Wednesday, January 1, 2014

Playing Catch-Up on a Retirement Plan Over 50

retirement
retirement (Photo credit: 401(K) 2013)
People ask me all the time what is the best way to catch up on a retirement fund after a couple of decades of procrastination. Should start by paying off all debt, start putting all you can muster into a 401k, start heavily playing the lottery with crossed fingers? The answer is a combination of paying off debt and investing in low cost bond funds.

Paying off debt can be better than saving money.


Well, it can actually save you more money because of the obvious interest charges you are paying. You need at least 10 percent of your gross income saved, and a good way to do that is to pay down any debt with a high interest rate (that isn’t tax deductible). Paying off credit cards or car loans with annual percentage rate of 15 percent will give you a 15 percent return on every dollar you pay off. This is definitely the first thing you need to do when playing catch up.

It’s important to note that you MUST make it a point to live within your means, and perhaps a bit below them if you want to really save for the future. This calculator from NewRetirement is a good starting point that brings the future into the harsh light of day. It might be a good idea to downsize your living space; get a smaller house or a car that doesn’t require a monthly payment. Ask yourself if you really are okay with running out of money before you reach 75? 

Low cost bond funds


Once you have settled any high-interest, non-tax deductible debt (or if you miraculously didn’t have any) you need to catch up with a 401(k) plan. It would be ideal if your employer match at least some of your contributions, but even if they don’t this is a great way to save because of the tax-free savings aspect of the retirement fund.

Take a day or two out of your schedule and figure out which fund options your employer offers, and which are best for you to invest in. It’s best to choose the lowest cost bond funds and you can do so by comparing fund expense ratios, and choosing those with a ratio less than one percent. These investment firms will pass on the most return to investors by keeping costs down, and will make a difference in twenty years by the time you retire.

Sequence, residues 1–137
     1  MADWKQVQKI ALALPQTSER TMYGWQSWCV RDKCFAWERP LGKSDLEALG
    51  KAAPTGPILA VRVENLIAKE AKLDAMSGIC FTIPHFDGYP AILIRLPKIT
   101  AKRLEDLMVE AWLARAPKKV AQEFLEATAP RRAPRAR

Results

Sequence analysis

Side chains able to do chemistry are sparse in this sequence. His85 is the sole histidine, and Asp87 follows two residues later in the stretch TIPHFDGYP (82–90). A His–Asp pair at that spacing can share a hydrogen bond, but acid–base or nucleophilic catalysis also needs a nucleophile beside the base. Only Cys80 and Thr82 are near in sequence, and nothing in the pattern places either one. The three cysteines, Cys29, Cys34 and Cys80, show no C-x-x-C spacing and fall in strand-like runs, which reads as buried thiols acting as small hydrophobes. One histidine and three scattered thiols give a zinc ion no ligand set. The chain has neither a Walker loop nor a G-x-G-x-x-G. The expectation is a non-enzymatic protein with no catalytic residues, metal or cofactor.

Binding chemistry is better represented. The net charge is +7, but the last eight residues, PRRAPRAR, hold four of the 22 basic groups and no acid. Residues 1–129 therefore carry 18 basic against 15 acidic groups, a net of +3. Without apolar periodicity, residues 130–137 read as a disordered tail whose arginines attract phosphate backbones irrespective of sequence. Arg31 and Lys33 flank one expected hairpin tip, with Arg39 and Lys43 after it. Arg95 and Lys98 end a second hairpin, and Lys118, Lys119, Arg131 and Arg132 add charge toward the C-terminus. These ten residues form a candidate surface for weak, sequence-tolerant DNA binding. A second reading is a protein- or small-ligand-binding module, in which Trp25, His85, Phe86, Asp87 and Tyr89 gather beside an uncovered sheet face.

You may have lost sweet time for investments to compound and grow to their fullest potential in your procrastination, but that doesn’t mean it’s too late. An investment will take 15 years to double at a five percent rate, and 18 years at a four percent rate. If you get going now, with the goal of contributing to the 401(k) the maximum amount you are allowed to add, you can have a nice chunk of money waiting for you when you retire.


Figure out your social security plan.


Full retirement age for those born between 1943 and 1954 is considered 66, and will replace some of your salary, but you will most likely need more income. The rate for the average wage earner is 42 percent, but it adjusts based on your specific income and whether your spouse should be expected to contribute as well (estimate your social security benefits here). You can maximize your monthly benefit by waiting to retire until you reach 70, which gives you a 32 percent higher benefit than “normal”.

You might be over 50, and you might be behind on your retirement plan for whatever reason. Hey, it’s going to be okay - life happens. You can start now and really improve your position in the next 15 to 20 years. Retire the way you want to, not the way you have to.

Louis Mack is a seasoned financial planner in San Francisco who specializes in retirement planning. He is a writer for NewRetirement.com and lover of the great outdoors.


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